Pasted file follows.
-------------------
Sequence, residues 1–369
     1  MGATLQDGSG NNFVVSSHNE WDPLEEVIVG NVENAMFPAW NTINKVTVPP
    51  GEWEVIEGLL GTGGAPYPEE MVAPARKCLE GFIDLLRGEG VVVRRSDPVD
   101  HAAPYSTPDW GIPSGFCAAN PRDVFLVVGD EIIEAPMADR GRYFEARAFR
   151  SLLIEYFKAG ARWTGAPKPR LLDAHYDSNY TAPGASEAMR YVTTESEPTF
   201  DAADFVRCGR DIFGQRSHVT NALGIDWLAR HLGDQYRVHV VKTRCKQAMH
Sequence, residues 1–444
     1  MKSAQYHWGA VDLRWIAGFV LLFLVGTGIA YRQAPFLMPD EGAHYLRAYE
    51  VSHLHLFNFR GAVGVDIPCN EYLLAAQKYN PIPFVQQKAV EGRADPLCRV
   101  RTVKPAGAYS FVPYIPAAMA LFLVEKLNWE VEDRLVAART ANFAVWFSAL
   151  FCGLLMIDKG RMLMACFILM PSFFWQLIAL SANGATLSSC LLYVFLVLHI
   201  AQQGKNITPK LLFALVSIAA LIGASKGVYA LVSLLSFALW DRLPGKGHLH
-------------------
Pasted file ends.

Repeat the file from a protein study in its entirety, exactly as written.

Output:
Sequence, residues 1–369
     1  MGATLQDGSG NNFVVSSHNE WDPLEEVIVG NVENAMFPAW NTINKVTVPP
    51  GEWEVIEGLL GTGGAPYPEE MVAPARKCLE GFIDLLRGEG VVVRRSDPVD
   101  HAAPYSTPDW GIPSGFCAAN PRDVFLVVGD EIIEAPMADR GRYFEARAFR
   151  SLLIEYFKAG ARWTGAPKPR LLDAHYDSNY TAPGASEAMR YVTTESEPTF
   201  DAADFVRCGR DIFGQRSHVT NALGIDWLAR HLGDQYRVHV VKTRCKQAMH
Sequence, residues 1–444
     1  MKSAQYHWGA VDLRWIAGFV LLFLVGTGIA YRQAPFLMPD EGAHYLRAYE
    51  VSHLHLFNFR GAVGVDIPCN EYLLAAQKYN PIPFVQQKAV EGRADPLCRV
   101  RTVKPAGAYS FVPYIPAAMA LFLVEKLNWE VEDRLVAART ANFAVWFSAL
   151  FCGLLMIDKG RMLMACFILM PSFFWQLIAL SANGATLSSC LLYVFLVLHI
   201  AQQGKNITPK LLFALVSIAA LIGASKGVYA LVSLLSFALW DRLPGKGHLH